Canadian actor Graham Greene likes a challenge. His recent roles include such diverse characters as a philosophical medicine man on the quirky CBS television drama Northern Exposure and a street-hardened cop in this summer’s action flick Die Hard With a Vengeance, which stars Bruce Willis. Now, Greene is expanding his repertoire again. In addition to recreating his Gemini-award winning role as
Mr. Crabby Tree on the syndicated children’s show The Adventures of Dudley the Dragon, Greene—who has been a guest on the show since its first season two years ago—will also play the Big Bad Wolf in a future episode paying tribute to Little Red Riding Hood. Joked Greene, whose big Hollywood breakthrough was the 1990 epic Dances with Wolves: “You just can’t get away from type-casting.”
PLAYINGHER PERSONAL BEST
Canada’s top touring professional golfer will not be playing in this season’s only major Ladies Professional Golf Association (LPGA) tournament north of the border. Dawn Coe-Jones, 34, of Lake Cowichan, B.C., has decided to drop out of the du Maurier Ltd. Classic in Beaconsfield, Que., in August because she and her husband, Jimmy Jones, are expecting their first child in late October. Coe-Jones had won $327,051 going into her final event before taking her maternity leave—last weekend’s U.S. Open in Colorado Springs, Colo.—and was on target to break her personal single-season earnings record of $350,730, set in 1993. That puts her in the top 10 on the LPGA Tour money list. So, although pregnancy clearly has not hurt her ability to compete on the golf course, Coe-Jones, who now lives in Lutz, Fla., near Tampa, says the time is right to take a break. She admits that her condition demands that she drink plenty of water and then keep track of “where the ladies’ rooms are along the way.” In addition to motherhood, Coe-Jones says she is looking forward to her first summer holiday since turning pro in 1983.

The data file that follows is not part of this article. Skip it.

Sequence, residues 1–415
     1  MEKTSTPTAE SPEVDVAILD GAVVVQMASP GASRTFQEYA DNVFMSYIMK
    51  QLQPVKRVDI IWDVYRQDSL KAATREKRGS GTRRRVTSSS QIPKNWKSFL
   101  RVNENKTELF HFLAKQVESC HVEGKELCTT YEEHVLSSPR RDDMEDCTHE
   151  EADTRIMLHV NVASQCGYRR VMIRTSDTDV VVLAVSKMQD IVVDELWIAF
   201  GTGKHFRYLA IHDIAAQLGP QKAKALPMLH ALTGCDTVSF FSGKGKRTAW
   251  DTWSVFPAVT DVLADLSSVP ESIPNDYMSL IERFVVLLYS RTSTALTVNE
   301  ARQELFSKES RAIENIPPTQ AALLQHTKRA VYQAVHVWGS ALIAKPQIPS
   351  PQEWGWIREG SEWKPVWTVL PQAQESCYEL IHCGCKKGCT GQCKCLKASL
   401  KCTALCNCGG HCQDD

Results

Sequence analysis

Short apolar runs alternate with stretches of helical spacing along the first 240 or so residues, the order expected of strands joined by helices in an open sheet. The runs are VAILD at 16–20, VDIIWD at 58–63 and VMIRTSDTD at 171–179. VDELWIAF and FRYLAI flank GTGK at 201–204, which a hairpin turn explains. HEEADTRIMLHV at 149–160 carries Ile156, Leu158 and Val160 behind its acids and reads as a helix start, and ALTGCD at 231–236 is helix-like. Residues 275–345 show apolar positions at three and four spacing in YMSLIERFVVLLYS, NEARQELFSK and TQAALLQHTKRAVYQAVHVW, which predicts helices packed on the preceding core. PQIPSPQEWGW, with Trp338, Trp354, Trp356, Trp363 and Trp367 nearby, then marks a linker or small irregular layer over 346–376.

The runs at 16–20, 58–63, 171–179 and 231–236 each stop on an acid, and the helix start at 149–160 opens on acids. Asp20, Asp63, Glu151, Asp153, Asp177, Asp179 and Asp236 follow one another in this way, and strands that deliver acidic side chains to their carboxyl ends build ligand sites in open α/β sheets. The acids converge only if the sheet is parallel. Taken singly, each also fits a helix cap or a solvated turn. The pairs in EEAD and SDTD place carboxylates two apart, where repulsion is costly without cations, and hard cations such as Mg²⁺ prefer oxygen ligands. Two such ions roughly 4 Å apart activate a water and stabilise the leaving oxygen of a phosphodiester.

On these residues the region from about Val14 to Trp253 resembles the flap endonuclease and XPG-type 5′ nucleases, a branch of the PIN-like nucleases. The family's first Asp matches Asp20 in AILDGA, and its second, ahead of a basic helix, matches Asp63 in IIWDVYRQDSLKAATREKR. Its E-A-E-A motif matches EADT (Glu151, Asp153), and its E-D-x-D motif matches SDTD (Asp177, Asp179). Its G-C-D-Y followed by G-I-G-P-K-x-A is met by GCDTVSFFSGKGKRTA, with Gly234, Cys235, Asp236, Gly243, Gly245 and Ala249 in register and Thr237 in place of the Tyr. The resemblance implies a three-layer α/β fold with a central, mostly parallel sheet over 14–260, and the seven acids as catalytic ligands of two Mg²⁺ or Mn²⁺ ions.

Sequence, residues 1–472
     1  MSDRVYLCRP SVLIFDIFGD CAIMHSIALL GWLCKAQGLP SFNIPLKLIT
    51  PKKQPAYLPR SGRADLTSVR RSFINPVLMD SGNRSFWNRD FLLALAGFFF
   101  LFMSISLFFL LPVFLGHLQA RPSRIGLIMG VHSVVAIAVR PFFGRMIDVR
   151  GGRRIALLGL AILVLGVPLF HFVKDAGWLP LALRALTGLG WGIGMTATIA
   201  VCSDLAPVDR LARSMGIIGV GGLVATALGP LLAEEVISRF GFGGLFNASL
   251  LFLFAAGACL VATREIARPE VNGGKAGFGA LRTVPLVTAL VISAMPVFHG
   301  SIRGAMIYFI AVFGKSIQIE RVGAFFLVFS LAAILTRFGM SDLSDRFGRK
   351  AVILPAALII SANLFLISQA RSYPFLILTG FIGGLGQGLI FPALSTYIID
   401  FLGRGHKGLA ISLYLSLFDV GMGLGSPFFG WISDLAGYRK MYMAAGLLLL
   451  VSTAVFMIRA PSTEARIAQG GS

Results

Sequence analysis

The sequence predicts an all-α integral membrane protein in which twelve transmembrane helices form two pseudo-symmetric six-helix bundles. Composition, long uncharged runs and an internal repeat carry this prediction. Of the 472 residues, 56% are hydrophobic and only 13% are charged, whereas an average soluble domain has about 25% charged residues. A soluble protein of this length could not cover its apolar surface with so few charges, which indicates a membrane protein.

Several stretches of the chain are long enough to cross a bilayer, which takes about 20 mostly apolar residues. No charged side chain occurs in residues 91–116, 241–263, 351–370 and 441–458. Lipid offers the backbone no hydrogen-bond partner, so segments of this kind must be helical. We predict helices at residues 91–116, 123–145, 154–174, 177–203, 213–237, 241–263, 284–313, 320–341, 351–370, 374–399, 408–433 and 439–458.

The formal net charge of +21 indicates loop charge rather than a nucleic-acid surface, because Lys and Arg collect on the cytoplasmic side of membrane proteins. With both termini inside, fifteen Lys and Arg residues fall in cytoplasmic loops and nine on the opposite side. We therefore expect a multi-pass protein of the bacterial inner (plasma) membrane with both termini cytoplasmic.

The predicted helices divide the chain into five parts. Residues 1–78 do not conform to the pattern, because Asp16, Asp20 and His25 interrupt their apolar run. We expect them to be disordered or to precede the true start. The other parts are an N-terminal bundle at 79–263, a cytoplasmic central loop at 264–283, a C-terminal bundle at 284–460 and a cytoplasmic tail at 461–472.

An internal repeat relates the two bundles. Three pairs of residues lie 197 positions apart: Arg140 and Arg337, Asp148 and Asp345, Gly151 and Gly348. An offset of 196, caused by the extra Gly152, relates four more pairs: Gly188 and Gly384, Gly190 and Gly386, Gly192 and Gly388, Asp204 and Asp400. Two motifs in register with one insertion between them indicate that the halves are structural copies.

A DEBT OF GRATITUDE
On his second album, Ivan Neville gets a little help from his musical friends—Bonnie Raitt, Keith Richards and Branford Marsalis, to name a few. But the New Orleans singer and songwriter says he owes his biggest debt of gratitude to his family, father Aaron Neville and the rest of the clan who form The Neville Brothers. And that’s why, says the younger Neville, he titled the new CD Thanks. “I have a really cool dad,” he said. “Having the Neville name has always been an advantage.” Neville adds that although there were lots of family sing-alongs while he was growing up, there was no pressure to turn professional. He learned to play guitar at age 10, but it wasn’t until he was 17 and playing piano in his high school stage band that he became serious about music. “I was kind of shy, and I figured out it was a good way to get the girls’ attention,” he says. An inspiration of another kind.
Journalist C. D. B. Bryan
is as skeptical as the rest of his breed. He is an awardwinning writer whose best-selling book Friendly Fire told the story of an American soldier in Viet Nam killed by American troops. So, when Bryan cov-
ered a five-day conference on UFOs in June, 1992, at the Massachusetts Institute of Technology, he was prepared to treat it as a lark. But as the conference progressed, he says that he was intrigued both by the claims of alien abduc-
tions—some of children as young as 2, some corroborated by several witnesses—and by the fact that renowned scientists in fields from physics to psychiatry were trying to come to terms with the described events. Bryan’s most recent book, Close Encounters of the Fourth Kind: Alien Abduction, UFOs and the Conference at
M.Î.T., takes a serious look at the phenomenon and tries to explain why credible people are telling such incredible stories. He acknowledges, however, that there is a risk in taking that approach: “I wondered if I would ever be taken seriously again.”
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